web analytics
September 2, 2014 / 7 Elul, 5774
At a Glance
Sections
Sponsored Post
Jerusalem Mayor Nir Barkat (L) visits the JewishPress.com booth at The Event. And the Winners of the JewishPress.com Raffle Are…

Congratulations to all the winners of the JewishPress.com raffle at The Event



If You Say Something, See Something


Marriage-Relationship-logo

No, the above title is not a misprint of the ubiquitous, “If you see something, say something” campaign encouraging citizens to report suspicious packages and behavior to the police.  In these ads, often found in public places and synagogues, one sees a photo of a passenger with an unattended package nearby.

The ad requests that should one “see something” like the package, they should “say something” to the authorities.

As prudent and needed as these efforts are, the history of the Jewish people is intertwined with the belief that our relationship with each other and G-d is our ultimate defense against terrorism.  So it’s all the more important to be conscious of the effect our words can have on another. In this case, if we “say something” critical of someone, we need to be vigilant to “see something” in terms of the impact those words have on the other person and the community as a whole:

If we “say something” that is sarcastic or pejorative of an acquaintance, can we “see something” in their pained expression?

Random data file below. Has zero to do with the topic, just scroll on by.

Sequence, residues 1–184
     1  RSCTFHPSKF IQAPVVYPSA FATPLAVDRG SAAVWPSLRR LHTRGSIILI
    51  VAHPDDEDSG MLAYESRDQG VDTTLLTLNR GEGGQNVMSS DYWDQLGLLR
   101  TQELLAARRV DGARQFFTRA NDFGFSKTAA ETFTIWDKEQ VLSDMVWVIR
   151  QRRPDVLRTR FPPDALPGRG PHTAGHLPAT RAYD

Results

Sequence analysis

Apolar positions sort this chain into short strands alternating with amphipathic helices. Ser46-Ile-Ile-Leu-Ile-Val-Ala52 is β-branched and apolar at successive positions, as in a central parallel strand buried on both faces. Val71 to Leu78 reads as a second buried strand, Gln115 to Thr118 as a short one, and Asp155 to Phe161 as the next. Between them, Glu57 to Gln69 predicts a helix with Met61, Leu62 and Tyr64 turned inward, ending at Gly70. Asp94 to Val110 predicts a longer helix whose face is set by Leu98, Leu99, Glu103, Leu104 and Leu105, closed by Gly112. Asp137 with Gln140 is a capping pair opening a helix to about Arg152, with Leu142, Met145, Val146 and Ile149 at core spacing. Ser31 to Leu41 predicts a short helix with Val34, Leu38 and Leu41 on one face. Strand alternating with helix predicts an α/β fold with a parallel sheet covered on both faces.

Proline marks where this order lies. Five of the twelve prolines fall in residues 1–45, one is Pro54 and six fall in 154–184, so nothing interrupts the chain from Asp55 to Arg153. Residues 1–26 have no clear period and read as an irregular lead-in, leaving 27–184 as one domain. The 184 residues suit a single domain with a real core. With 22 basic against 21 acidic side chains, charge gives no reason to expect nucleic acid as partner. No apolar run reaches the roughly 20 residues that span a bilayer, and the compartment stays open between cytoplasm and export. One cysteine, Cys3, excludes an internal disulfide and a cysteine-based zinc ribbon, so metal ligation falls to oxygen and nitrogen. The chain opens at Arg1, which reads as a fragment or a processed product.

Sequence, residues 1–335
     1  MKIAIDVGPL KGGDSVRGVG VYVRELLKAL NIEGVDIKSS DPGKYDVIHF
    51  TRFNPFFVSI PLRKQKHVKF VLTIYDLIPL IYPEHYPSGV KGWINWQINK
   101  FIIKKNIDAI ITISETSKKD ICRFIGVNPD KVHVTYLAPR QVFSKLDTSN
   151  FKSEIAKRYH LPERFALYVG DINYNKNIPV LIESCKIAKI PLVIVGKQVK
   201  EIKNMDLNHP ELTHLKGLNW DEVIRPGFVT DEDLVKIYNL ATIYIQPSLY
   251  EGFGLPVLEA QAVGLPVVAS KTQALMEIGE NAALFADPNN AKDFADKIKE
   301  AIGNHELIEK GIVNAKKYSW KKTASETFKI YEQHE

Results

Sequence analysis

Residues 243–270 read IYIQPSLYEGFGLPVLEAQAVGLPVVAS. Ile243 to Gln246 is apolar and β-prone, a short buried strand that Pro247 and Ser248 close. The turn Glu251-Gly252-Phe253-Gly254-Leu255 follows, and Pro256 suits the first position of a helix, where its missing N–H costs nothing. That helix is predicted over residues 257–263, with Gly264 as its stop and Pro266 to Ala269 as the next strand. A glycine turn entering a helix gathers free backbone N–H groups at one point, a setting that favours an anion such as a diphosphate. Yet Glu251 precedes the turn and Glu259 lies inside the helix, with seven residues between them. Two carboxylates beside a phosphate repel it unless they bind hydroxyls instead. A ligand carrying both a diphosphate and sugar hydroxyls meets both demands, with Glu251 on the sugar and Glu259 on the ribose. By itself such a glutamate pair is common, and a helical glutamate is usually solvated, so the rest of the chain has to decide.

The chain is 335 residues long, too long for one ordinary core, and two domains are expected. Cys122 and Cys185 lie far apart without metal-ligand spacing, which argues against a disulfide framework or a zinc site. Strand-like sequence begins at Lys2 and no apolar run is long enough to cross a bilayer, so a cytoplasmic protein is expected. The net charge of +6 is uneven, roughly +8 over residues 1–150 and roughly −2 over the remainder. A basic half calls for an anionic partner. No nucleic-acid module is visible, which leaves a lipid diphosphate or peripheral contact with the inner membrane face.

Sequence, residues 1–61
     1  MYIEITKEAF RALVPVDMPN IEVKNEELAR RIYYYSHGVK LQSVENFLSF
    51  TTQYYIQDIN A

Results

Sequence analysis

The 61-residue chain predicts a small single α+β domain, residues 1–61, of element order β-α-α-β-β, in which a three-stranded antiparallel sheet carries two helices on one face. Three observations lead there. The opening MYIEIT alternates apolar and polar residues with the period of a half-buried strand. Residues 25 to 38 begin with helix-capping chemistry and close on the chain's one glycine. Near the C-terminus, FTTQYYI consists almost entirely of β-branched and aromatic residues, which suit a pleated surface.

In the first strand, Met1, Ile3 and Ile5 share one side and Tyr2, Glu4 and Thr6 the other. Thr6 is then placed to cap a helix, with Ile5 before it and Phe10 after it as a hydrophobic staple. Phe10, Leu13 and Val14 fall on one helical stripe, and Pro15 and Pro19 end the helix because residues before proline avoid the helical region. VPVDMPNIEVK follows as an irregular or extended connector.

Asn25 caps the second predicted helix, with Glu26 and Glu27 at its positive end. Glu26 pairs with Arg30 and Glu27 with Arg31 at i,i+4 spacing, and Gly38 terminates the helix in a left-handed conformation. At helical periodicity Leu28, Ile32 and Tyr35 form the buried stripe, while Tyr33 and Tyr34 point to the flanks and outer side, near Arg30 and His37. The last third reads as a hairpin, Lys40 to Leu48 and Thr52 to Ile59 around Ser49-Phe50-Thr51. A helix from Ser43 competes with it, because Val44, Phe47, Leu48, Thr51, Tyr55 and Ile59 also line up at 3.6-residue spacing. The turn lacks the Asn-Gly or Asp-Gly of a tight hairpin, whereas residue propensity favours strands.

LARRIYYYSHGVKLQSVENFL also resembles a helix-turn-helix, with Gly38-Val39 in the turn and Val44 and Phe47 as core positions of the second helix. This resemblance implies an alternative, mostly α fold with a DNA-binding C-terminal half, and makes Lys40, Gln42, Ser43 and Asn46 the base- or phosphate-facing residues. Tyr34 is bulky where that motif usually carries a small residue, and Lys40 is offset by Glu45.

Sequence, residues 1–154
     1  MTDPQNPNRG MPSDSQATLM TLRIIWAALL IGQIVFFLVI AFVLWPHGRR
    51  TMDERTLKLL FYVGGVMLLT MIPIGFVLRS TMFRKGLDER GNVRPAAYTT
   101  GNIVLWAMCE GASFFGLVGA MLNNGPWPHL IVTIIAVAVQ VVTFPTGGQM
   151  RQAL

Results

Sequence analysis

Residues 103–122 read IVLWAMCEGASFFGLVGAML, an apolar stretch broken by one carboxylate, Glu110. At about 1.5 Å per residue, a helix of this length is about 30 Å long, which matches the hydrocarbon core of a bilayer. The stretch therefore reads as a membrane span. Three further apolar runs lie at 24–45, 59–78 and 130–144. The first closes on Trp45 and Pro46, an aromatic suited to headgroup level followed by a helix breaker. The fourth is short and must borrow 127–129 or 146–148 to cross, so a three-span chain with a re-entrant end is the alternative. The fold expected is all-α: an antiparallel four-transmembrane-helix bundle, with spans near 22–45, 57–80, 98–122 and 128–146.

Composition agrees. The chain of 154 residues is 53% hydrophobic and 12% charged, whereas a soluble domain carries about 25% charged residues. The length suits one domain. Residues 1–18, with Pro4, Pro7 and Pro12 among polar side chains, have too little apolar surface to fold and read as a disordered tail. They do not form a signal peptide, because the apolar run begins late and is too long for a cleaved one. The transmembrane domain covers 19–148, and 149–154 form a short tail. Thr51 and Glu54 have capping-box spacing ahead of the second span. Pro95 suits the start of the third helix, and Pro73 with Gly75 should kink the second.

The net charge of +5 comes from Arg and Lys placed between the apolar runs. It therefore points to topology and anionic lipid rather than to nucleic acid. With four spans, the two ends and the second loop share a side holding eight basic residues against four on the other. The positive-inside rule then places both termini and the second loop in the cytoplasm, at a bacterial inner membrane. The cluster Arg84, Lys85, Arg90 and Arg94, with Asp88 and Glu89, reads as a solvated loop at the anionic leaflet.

If we “say something” negative about a colleague, can we “see something” in the way such gossip spreads and damages his or her reputation?

If we “say something” in a loud, angry way to someone we love, can we “see something” in the distance and lack of trust which follows?

If we “say something” humorous about someone’s foibles or idiosyncrasies    masked in the form of a joke, can we “see something” in the look of embarrassment in his or her face as others laugh at our comment?

 

On the other hand, our words can offer a form of protection to our community by increasing the sense of unity and concern for one another:

If we “say something” validating someone’s good deed or character, can we “see something” in the way the other smiles and feels better about himself?

If we “say something” that prevents a quarrel among friends, do we “see something” in the preservation of a longstanding relationship?

If we “say something” critical to a family member in a gentle and loving way, do we “see something” in the bond which is strengthened?

If we “say something” from a place of acceptance and awareness of each individual’s unique role as part of the Jewish people, do we “see something” in the way bridges are created instead of broken between us?